("SCROLL DOWN to the Posts That Don't Suck section and click on it", I keep saying, and she keeps saying, "I don't see it. I see your picture. Do I click on your picture?" "No -it's right there though. Scroll down." "So click on your face?" "No, scroll - scroll - go down - go to- ACK - AAAAACK." And then my brain function shuts down. It's kind of counter-productive.)
I would've just sent her the link, but she doesn't know her email address. (SHE DOESN'T KNOW HER EMAIL ADDRESS.) (I mean, forget communication, how does she SHOP ONLINE?) (The mind boggles.) Of course, I'm sure she has similar feelings about my ability to function in this world without a cell phone and even a lick of fashion sense, so it's all relative.
PS: Also, my dear internet challenged friend, here's the one about my daughter's birthday party. Just click right there where it says "my daughter's birthday party." Go on, click on it. Click. Click on it. You can do it. ;>
Carter turned three last Monday. Now, I love a birthday party as much as the next mom, (which is to say, not all that much) and we've thrown a few super extravaganzas in our day, including a cowgirl party with an actual pony, and two princess parties complete with yards of tulle. But let's be honest. He's THREE. In five days he won't remember any of it. I could snip some pictures out of a pottery barn kids catalog, paste them in his baby book, tell him it was the bash of the century and he'd never know the difference. So I wasn't all that worried about throwing him a party. We planned to just have cake and ice cream as a family and maybe give him a few nerf balls to chase around.
Of course, on Sunday night when I broke the news to him, that there would be no friends, but it would be me and Daddy and his sisters, and didn't that sound fun, and he could have a train cake and WHOOOOOPEEEEE - he made this face:
His dreams - shattered. The big, huge tears of bitter sadness and disappointment started to roll down his face. "Why, Mama, why? Why no frienz for Carter?" I caved. (I can't take the bitter tears of disappointment.) On Monday morning I started calling around to see if any of the moms in the neighborhood had any interest in getting rid of their 2-3 year old sons for an hour or so, and the response we got mostly was along the lines of "You want my three year old? To come over on short notice? And I will then possibly be alone in my house for an hour? Hmmmm, let me think about it, why - YES! OF COURSE! DO YOU WANT HIM TO COME OVER RIGHT NOW? AND STAY ALL DAY?" And so we had a guest list.
An hour before the party I realized, well, we should probably have something for them to do, because there was a limit to how long they would be entertained by Wicket the wonder puppy and the aforementioned nerf balls. We didn't want to run back to the store, so my husband and I came up with a few artfully handcrafted diversions. For example, this pinata:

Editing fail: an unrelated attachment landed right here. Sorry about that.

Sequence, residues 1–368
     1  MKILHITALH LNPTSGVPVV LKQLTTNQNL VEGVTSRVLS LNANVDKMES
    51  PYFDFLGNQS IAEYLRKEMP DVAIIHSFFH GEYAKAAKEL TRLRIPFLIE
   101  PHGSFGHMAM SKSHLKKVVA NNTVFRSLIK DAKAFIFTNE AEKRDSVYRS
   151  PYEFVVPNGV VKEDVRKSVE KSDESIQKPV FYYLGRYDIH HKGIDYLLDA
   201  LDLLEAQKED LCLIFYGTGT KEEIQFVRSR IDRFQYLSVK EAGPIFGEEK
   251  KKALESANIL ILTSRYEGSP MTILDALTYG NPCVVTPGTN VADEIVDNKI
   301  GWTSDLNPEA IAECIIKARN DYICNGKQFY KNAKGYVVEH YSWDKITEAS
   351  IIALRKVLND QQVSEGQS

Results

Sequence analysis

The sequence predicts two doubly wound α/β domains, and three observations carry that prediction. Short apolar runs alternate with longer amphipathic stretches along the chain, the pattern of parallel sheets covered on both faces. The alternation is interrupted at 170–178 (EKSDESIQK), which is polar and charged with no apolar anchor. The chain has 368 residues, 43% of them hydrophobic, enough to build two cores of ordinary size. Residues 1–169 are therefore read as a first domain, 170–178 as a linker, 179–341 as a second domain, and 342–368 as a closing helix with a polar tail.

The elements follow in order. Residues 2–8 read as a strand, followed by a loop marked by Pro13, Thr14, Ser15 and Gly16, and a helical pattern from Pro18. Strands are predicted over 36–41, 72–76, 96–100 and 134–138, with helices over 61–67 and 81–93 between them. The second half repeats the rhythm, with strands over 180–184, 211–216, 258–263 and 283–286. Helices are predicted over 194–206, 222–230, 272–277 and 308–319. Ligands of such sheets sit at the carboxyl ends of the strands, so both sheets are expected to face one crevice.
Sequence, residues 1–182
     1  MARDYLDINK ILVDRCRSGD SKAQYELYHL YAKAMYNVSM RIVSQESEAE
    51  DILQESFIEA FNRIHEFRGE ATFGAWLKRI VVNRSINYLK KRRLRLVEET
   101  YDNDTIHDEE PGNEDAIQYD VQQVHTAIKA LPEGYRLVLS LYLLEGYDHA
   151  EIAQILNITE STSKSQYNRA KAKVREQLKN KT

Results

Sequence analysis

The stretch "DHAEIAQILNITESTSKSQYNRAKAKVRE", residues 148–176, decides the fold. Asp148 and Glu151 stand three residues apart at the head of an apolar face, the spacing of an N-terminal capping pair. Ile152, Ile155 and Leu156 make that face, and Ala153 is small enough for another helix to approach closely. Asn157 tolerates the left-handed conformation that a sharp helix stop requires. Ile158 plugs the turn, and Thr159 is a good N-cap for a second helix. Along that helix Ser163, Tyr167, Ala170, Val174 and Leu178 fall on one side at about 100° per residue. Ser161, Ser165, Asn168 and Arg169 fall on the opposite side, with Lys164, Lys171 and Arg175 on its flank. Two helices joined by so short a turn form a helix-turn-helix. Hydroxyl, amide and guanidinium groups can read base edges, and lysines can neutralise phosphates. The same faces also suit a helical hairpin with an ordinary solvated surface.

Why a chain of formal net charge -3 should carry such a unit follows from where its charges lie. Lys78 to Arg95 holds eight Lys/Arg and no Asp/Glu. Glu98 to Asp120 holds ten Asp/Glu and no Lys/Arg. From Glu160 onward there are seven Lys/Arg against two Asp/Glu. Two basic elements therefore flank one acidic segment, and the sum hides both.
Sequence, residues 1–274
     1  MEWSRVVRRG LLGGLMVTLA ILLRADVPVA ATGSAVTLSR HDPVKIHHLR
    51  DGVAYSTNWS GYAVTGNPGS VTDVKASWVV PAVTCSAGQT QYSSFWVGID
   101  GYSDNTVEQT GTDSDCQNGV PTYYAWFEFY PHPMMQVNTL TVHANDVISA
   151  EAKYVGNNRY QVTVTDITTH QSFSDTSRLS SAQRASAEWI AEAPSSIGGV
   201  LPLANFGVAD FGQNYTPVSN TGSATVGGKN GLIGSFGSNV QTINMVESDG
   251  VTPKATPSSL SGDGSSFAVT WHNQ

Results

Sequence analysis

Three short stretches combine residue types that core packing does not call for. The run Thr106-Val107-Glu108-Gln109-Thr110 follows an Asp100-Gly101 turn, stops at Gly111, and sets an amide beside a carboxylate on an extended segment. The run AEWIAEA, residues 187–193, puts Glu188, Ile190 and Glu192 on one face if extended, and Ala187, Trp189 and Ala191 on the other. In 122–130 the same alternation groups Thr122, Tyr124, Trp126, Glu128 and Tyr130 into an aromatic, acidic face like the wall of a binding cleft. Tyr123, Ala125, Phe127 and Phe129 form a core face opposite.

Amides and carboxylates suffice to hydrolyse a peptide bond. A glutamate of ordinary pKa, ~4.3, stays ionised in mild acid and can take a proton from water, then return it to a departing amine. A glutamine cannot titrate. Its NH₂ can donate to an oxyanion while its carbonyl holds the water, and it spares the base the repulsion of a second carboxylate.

Party planning tip:
How to make a pinata, if you are extremely lazy:
- Get a paper bag
- Cut out a picture of something
- Glue it on the front
- Get a piece of yarn
- Tell your kid it's a pinata
Entertainment for the party under control, we strung up some crepe paper and called it good. When the kids all arrived, we had them play go fish over the stairwell, using a metal rod with a piece of yarn attached, and a paperclip dangling from the end. I attached tootsie rolls to the paper clip each time. Each time when they pulled it up, they were amazed because, HEY LOOK, A TOOTSIE ROLL, as though it had not just happened 10 previous times. When they tired of this, we moved on to the next candy oriented event, the pinata.
It was windy outside and we had nothing to hang the pinata from, so my husband offered to stand there and hold it while the kids took whacks at it with a metal stick. I thought that was fairly brave, considering what crappy aim these kids all had. (He's a stud, what can I say?) It took them three tries each to break open the paper bag. My daughter was openly mocking them for lack of upper body strength, and we had to make her stand in the corner. The pinata was also full of tootsie rolls and once again they were AMAZED and SURPRISED and DELIGHTED by the appearance of the candy. Two year olds really aren't that bright, quite frankly.
Next we had cake and ice cream. These kids were on a sugar HIGH. Between the steady flow of tootsie rolls, the frosting and the ice cream, they were all positively whacked out on sugar. This was RIGHT before dinner. Their parents, I'm sure, thought fondly of me that night as their kids all crashed back down to earth.
On the phone I must have said 14 times, PLEASE don't worry about a present, I know this is short notice, you're doing me a favor just by letting them come, it's just ice cream and cake, not a real party, please, please, please don't bring a present. Every single kid brought a present. Of course, you know if it had been the other way around, I would have been the loser who took the mom at her word and sent my kid with no gift.
Carter opened the presents and they all played for a bit, then it was over. Carter said it was "AWESOME." That's all that matters. I would post a bunch of sentimental stuff here about what an amazing, lovable kid he is, but I will just sum it up like this in a way that all mothers can appreciate: HE IS NOW FULLY POTTY TRAINED. (Sniff.)
Happy Birthday, Carter - we love you, little guy...